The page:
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Respiratory viruses and chronic rejection in lung transplant recipients.
J Heart Lung Transplant. 2002 May; 21(5):559-66.JH

Abstract

BACKGROUND; Chronic rejection manifested as obliterative bronchiolitis (OB) and bronchiolitis obliterans syndrome (BOS) continue to be major causes of morbidity and mortality after lung transplantation. Community respiratory virus (CRV) infection, including respiratory syncytial virus, parainfluenza virus, and influenza virus, can infect and also cause morbidity in lung transplant recipients. Because CRV and OB/BOS affect the small airways, we sought to determine whether CRV infections predisposed patients to OB/BOS.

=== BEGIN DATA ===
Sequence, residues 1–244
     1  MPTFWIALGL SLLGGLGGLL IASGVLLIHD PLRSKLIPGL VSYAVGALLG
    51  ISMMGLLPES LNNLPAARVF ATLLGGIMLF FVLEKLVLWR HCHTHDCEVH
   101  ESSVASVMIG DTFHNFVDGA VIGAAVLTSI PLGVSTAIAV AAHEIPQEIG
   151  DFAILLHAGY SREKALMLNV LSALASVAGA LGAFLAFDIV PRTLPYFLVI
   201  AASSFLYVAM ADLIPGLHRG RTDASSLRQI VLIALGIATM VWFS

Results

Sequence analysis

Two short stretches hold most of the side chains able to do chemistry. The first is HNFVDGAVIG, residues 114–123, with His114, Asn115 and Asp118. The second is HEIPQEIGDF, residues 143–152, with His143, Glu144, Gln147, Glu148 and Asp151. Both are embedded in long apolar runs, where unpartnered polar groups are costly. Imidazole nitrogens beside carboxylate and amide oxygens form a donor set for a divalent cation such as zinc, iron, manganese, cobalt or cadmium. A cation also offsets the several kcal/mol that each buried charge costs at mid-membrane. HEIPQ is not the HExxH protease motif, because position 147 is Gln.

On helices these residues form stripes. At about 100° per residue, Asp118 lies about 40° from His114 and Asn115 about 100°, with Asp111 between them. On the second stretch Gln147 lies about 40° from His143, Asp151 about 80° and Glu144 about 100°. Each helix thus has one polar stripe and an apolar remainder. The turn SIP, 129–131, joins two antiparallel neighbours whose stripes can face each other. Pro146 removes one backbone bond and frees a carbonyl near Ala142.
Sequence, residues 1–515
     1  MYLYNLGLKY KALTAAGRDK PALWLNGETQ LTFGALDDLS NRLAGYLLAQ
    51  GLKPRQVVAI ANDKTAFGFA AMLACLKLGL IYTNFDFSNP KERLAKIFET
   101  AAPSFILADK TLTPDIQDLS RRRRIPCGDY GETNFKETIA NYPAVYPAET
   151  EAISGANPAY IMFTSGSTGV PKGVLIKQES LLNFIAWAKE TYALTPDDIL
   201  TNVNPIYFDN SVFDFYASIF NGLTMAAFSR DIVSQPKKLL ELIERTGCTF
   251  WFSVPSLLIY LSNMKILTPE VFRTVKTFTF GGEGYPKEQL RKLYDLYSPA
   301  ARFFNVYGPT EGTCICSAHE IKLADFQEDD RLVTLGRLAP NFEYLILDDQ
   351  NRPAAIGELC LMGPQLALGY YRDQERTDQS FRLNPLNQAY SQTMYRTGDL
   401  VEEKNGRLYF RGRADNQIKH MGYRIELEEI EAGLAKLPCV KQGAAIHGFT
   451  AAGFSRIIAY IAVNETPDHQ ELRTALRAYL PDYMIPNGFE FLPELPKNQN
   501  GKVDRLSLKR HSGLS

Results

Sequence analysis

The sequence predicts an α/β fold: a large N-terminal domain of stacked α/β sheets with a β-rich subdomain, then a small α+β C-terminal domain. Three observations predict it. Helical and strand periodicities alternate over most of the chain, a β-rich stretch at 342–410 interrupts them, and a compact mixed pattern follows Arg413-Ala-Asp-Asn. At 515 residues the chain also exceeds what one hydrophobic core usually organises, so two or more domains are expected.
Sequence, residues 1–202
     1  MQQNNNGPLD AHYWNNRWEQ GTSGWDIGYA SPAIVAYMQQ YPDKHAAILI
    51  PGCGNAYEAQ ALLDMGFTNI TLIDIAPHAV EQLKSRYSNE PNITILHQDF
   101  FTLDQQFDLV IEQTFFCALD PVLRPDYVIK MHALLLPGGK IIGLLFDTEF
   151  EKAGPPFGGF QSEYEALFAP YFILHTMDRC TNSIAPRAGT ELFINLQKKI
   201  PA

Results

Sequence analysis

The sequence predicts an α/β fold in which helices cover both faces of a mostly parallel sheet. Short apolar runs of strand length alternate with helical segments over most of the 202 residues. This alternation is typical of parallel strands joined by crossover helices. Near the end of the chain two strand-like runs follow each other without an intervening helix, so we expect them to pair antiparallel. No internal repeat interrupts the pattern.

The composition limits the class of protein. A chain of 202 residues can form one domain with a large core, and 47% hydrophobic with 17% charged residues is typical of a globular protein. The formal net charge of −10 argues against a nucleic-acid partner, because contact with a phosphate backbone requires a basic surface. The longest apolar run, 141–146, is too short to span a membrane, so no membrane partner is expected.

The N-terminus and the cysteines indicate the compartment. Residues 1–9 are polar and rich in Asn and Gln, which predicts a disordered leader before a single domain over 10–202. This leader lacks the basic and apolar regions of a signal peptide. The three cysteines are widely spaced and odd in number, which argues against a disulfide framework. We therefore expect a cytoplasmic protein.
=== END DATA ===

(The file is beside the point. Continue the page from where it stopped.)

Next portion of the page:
METHODS

To determine whether CRV predisposed to OB/BOS, a proportional hazards regression analysis of time to OB/BOS was performed with CRV as a time-dependent covariate. To determine the influence of OB/BOS on the subsequent development of CRV infection, we reversed the outcome and time-dependent covariate. To illustrate the effect of CRV on OB/BOS and the effect of OB/BOS on CRV, landmark plots were generated at specific time points. Time to development of OB/BOS was then compared using the Kaplan-Meier method.

RESULTS